There was the time she posed as a proper person,

up at seven with organised eyes,

spinning the wheel of coffee heart and computer clack,

a life in neat multi-coloured folders.


An alarm went off in her pocket—

and now the world stank of Boots’ perfume and cigarettes

she spoke in fluent Bacardi Breezer

knew every bar in South East London

flew through the day to get to the pub on the other side

until life became a barman that would no longer serve her.

Men with magnet mouths waited for her to exceed her limit

found ways to climb inside.


Now she sits like a stale buttered scone

who nobody wants  to pick up or eat

or even look at that way.


She thinks this is delicious and funny at the same time.


These days


she is studying her life through abstract nouns

watching how pretend-friend-people

have the ability to reach inside

to remove the smiley bits

and that is ok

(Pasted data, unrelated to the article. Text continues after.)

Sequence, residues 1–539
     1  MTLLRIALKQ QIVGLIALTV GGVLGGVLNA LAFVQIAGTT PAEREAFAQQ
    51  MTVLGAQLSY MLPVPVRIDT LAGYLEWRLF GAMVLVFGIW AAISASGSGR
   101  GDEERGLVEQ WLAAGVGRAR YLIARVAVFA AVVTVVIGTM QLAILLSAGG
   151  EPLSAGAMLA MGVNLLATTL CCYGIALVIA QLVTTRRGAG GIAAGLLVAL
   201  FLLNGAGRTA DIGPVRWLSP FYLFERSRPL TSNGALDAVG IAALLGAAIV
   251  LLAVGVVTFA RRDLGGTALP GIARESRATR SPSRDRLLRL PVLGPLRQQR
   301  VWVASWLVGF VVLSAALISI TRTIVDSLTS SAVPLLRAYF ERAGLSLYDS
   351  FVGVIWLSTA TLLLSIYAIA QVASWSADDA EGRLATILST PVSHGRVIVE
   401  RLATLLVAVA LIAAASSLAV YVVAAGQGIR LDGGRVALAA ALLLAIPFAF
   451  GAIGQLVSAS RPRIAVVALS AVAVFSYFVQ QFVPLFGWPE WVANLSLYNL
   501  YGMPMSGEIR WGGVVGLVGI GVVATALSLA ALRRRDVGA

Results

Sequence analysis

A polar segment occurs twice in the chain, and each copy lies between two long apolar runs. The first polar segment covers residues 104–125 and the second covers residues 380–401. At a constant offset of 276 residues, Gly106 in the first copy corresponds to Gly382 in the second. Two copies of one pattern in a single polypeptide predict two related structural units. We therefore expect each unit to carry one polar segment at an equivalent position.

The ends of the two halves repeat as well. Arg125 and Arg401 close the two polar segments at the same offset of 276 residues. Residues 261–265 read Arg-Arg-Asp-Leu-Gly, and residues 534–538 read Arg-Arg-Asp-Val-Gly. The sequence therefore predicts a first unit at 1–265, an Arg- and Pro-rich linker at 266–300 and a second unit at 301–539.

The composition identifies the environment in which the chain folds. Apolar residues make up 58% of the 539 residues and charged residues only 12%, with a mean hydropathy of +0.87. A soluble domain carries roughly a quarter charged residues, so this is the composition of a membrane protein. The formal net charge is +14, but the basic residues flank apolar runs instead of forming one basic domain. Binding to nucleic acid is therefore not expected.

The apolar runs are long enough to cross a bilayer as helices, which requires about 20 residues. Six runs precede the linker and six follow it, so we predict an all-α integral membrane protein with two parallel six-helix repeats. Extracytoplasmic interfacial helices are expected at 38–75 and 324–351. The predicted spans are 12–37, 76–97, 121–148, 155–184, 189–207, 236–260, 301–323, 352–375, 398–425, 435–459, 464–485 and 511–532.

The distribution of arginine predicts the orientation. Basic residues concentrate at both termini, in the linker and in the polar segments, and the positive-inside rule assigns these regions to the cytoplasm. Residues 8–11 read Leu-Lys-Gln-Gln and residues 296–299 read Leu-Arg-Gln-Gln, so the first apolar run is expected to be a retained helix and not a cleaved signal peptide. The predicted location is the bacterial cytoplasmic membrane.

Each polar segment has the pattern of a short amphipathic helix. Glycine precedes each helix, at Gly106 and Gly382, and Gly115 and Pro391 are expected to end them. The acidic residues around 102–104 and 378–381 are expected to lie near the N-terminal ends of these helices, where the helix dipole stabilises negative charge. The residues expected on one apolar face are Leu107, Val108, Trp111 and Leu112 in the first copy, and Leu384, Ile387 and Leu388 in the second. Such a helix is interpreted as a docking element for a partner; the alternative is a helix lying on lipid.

because what they think is her face is see through

what they think of her limbs is hollow


Few know

who the real is

behind the dough-dumb skin

the cratered eyes


She can sing because they don’t know


Some people have stories up their noses

about silly women whose heads keep unzipping

whose words fall out and splash about

and what a mess it makes


It irks them

this girl who doesn’t add up

that can use them as a muse

instead of fighting back


They don’t know that over time

what used to tremble becomes percussion

they look on at the wrongness of her one-woman-band

wonder why she can still sing.






Michelle Diaz author photo


Michelle Diaz has been writing poetry since the late 90s. She has been published by Prole, Strix, Amethyst Review, Amaryllis, the ‘Please Hear What I’m not Saying’ Mind anthology and was awarded 3rd prize in the Mere Literary Competition 2017. She has a son with Tourette Syndrome and had a very unusual upbringing—both of which have been huge inspirations for her writing. She lives in the colourful and strange town of Glastonbury. Without poetry her soul would be incredibly hungry.